anti-coal

Coal rules. That was the message delivered last week by the new Labor government.

Freshly appointed climate change minister Greg Combet began his ministership by telling the September 13 Australian: “The coal industry is a very vibrant industry with a strong future. What you've got to do is look to how we can achieve in the longer term things like carbon capture and storage for coal-fired power stations.”

Green Left Weekly’s Simon Butler asked five Australian climate activists for their thoughts on the current state of the movement.

Phillip Sutton is the convenor of Melbourne’s Climate Emergency Network and co-author of the 2008 book Climate Code Red.

Adam Lucas is coordinator of Beyond Zero Emissions Sydney and lectures in the Science and Technology Studies Program at the University of Wollongong.

On October 10, climate activists will converge on the Hazelwood power station in the Latrobe Valley in eastern Victoria. They will use mirrors to try to create Victoria's “first solar thermal power” station at the Hazelwood gate, to show solar is a viable alternative.

Shaun Murray from campaign group Switch off Hazelwood told Green Left Weekly: “Hazelwood is the most carbon-intensive power station in Australia relative to its output, and has been an ongoing target by climate campaigners.”

Thankfully, no lives were lost in the September 5 earthquake that hit the city of Christchurch, New Zealand. But it has caused vast damage, up to half the buildings in the region need repairing.

As I watched the evening news report about the disaster, I was struck by a comment a local resident made to reporters. Half jokingly, he said the good news was that the rebuilding effort would help pull New Zealand out of recession.

Safe Climate Perth has called a strategy meeting to plan a grassroots campaign against the new coal-fired power stations approved by the state Liberal government.

The campaign will also take up other proposed developments such as a suggested new coal mine at Margaret River, which has already sparked a dynamic community campaign.

Safe Climate campaigner Kamala Emanuel told Green Left Weekly: “We are planning a campaign that can win.

“The first step to getting to a safe climate future is to stop the increase in emissions of greenhouse pollution from new coal power stations.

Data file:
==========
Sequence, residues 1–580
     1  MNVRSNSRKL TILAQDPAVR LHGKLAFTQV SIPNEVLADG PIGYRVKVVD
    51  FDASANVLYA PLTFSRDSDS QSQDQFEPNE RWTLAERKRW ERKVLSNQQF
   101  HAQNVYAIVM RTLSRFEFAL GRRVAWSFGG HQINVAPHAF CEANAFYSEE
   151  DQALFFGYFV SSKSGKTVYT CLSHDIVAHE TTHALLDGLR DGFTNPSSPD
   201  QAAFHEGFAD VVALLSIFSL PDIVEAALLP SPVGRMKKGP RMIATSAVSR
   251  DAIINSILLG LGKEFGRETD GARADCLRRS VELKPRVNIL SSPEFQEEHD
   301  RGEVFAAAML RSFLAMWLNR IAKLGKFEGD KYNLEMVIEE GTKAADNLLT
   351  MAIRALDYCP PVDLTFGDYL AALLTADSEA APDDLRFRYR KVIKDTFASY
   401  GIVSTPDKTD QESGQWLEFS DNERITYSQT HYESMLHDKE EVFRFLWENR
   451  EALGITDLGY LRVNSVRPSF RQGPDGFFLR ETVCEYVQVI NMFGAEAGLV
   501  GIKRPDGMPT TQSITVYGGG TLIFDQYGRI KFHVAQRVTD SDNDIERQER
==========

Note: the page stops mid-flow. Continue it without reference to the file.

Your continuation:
More than 1000 people packed into Sydney Town Hall on August 12 for the Sydney launch of the Zero Carbon Australia (ZCA) Stationary Energy Plan. The plan outlines how Australia could meet all its energy needs from renewables within 10 years.

The successful event followed the well-attended Melbourne launch, which attracted about 700 people in July.

The plan is the product of a collaboration between the University of Melbourne Energy Research Institute and the non-profit climate advocacy group Beyond Zero Emissions (BZE).

BRISBANE — Several hundred farmers from the Darling Downs and environmentalists rallied outside State Parliament on August 4 to protest the expansion of the coal and coal seam gas industries in rural Queensland. The rally was sponsored by Friends of the Earth, Save Our Darling Downs, Community Climate Network Queensland, Friends of Felton and the Queensland Conservation Council.

Residents are organising to stop mining company LD Operations plans to start a new coal mine next to the town of Margaret River in Western Australia.

Margaret River is five hours south of Perth famous for its wineries, surfing spots and outstanding natural beauty.

A public meeting on August 1 with only one day’s notice drew 60 people. It is a sign of strong community opposition. There are plans to hold a demonstration as part of the national Walk Against Warming rallies on August 15.

The Parramatta Climate Action Network (ParraCAN) staged a series of rolling protests outside New South Wales state government ministers offices calling for no new coal

The NSW state government is planning to construct two new coal-fired power stations, which will increase the state’s greenhouse gas emissions by up to 15%.

ParraCAN is circulating a petition calling for the prohibition of the construction of new coal-fired power stations; the development of a phase-out plan for coal; and that the state government support job creation in renewable industries.

Protesters had coal trains backed up for kilometres at the small mining town of Collinsville, inland from Bowen, north Queensland, on July 26. They were protesting against the dust and noise of the trains, and the plan to upgrade the rail line to bring up to 70 coal trains a day through their town.

About 15 coal trains a day rumble through the middle of Collinsville. The residents picketed the line for three days, bringing coal train traffic to a complete halt.

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